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Atlantis aka Deadman Gulch, South St. Vrain
Deadman Gulch expands as one walks farther up, revealing a wealth of stone. Unfortunately, much of this beautiful canyon holds chossy, low-angle, cliff band, or other undesirable varieties of large-crystal granite. The Deadman Gulch Boulder itself, however, is host to a number of fun, yet sharp problems and well worth some time. This boulder was originally found and developed by Jason Beausoleil around the time he had his hand in developing Ape City a couple miles up canyon. As the story goes, Jason essentially worked only one problem on the boulder: Atlantis. After sorting out the moves with friends, Jason returned for a solo shot at the FA despite a prior fall that claimed a large amount of shin/leg skin. During the second wave of development, Justin Jaeger suffered a similar fate on Atlantis after missing a bump to the upper holds. He tried to catch his fall on a sharp-crystal jug, ripped off, and tried to then catch the tree behind him somewhat successfully. Result: one thumb, two palm, and three finger flappers to complement regular split tips. Moral: Until the boulder gets more traffic, bringing brushes to touch up loose or lichen-covered holds and seriously consider pre-taping vulnerable finger skin. Most of the lines are in the V5 to V8 range.  Atlantis and Pacifico each involve interesting low moves, but each require a bit of bloody slapping up a bulge feature. Atlantis keeps right on the main bulge and Pacifico cheats out left a bit.  either way, these tend to grind your skin down a bit and do not flow quite as well as the more direct, easier lines. The best time of the year to visit is probably late winter through the early spring before the Poison Ivy and snow melt become problematic. Also note that the draw that the boulder is located in shelters it from sun almost entirely. Thus, the temperature at the boulder is generally ten or more degrees colder than the air temperature at the road, for better or worse!  South St. Vrain bouldering could probably be considered still in its infancy. Elysium has way more climbs than Atlantis, some of which are pretty good. Ape City has the best rock quality. so all in all, Atlantis is worth climbing at but perhaps in conjunction with a visit to the other mini areas in the region.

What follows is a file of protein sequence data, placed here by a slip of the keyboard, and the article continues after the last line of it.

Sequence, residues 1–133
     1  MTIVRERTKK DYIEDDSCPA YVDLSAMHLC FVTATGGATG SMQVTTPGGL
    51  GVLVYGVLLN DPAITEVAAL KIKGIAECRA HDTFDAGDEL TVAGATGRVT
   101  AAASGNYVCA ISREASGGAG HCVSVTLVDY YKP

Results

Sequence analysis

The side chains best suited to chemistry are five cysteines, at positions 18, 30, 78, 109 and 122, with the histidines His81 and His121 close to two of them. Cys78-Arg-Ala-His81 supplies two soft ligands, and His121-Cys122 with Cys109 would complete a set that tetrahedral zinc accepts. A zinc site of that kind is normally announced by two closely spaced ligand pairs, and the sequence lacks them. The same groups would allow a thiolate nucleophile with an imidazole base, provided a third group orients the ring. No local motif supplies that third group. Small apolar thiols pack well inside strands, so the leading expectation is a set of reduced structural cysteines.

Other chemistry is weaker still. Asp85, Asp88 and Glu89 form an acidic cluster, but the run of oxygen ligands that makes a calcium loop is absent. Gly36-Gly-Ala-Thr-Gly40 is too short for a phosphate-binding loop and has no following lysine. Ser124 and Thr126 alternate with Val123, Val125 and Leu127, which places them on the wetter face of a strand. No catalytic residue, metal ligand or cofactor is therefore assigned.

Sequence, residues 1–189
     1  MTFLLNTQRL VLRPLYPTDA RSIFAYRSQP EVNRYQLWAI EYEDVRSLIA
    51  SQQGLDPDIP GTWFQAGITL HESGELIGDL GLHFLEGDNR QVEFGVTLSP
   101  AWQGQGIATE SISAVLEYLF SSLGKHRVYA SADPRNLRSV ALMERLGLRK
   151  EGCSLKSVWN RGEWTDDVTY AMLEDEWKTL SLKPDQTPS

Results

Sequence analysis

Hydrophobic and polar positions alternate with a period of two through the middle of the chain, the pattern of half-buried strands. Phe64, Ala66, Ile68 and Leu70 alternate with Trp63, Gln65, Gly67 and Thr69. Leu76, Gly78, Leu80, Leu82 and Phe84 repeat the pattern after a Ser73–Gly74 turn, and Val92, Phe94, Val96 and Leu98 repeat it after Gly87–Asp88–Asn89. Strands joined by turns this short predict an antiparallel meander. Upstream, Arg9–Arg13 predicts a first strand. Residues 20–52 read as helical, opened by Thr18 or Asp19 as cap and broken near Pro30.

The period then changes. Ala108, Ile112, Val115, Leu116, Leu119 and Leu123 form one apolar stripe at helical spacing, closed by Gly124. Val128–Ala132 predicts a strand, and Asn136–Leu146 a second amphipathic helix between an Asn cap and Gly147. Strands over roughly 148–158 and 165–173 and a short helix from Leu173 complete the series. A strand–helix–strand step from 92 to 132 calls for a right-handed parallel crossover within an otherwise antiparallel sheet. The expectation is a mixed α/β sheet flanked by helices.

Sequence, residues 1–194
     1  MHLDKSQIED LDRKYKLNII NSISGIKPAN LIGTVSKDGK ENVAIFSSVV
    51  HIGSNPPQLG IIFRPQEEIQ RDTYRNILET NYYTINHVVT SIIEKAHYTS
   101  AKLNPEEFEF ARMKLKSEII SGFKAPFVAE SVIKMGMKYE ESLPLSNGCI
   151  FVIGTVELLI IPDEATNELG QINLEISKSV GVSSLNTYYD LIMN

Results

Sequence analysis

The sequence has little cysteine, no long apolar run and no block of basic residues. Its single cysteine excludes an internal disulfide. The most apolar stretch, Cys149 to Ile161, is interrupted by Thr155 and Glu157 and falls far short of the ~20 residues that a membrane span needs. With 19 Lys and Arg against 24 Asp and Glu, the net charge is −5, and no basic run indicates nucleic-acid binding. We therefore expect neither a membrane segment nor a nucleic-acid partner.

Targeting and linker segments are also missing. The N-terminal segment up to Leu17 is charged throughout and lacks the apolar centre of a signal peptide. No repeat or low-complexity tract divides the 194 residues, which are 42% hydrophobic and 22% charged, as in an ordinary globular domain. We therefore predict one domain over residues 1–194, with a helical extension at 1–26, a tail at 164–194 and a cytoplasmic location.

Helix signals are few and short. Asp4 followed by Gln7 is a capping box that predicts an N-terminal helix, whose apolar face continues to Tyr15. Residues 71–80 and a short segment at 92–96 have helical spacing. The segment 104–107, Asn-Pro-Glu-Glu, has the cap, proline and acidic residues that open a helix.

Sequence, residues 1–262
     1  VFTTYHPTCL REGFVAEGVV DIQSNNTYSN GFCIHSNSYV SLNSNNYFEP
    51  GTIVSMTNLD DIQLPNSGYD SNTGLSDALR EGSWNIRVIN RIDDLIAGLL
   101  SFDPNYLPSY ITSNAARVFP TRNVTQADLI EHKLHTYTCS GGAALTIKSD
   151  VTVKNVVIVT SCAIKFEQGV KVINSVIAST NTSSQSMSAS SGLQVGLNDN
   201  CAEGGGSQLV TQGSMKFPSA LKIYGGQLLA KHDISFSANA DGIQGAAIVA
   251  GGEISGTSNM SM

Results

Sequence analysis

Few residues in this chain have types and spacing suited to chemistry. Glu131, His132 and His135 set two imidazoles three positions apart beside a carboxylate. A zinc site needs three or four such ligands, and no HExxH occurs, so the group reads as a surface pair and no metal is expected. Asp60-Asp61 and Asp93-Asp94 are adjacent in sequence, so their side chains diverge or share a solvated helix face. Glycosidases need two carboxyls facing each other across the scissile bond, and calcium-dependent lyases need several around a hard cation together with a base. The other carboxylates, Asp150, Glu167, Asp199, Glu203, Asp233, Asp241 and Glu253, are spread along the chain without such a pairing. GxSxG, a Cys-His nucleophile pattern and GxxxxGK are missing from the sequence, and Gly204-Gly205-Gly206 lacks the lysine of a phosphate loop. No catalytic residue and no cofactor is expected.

- beta courtesy of Justin Jaeger.
Justin Jaeger's blog.

Getting There:
Drive up South St. Vrain Canyon and watch for mile marker 30. Immediately after MM 30, you will pass two signs on your right: Welcome to St. Vrain Canyon, and a National Forest sign. After the National Forest sign, look for a pull-out on your left and park. This pull-out has picnic tables and a very distinctive old bridge footer that looks like a stone staircase to nowhere. Once parked, cross the road and walk up canyon for about ten yards, pick up a well-worn single-track trail on the right side of the road that swerves through the smooth-stone wash of a small tributary. Walk more or less up the stream bed for about ten normal minutes to the namesake boulder, located stream side. Note: while this stream bed will take you directly to the boulder, better sections of trail will cut up from the stream, then back down to it. Pick and choose your favorite.
Click to view a google map for the trail head.

Note: the projects listed herein are to lure hungry ascentionists. Also, many small boulders and cliff-band highballs exist in this gulch, though most have not seen development. Please email any FA sends with a given name to FRB for inclusion in this guide. If you wish to remain anonymous and/or wish to not rate the FA, omit such information, but please still provide notice and a name. Thank you.

The Problems: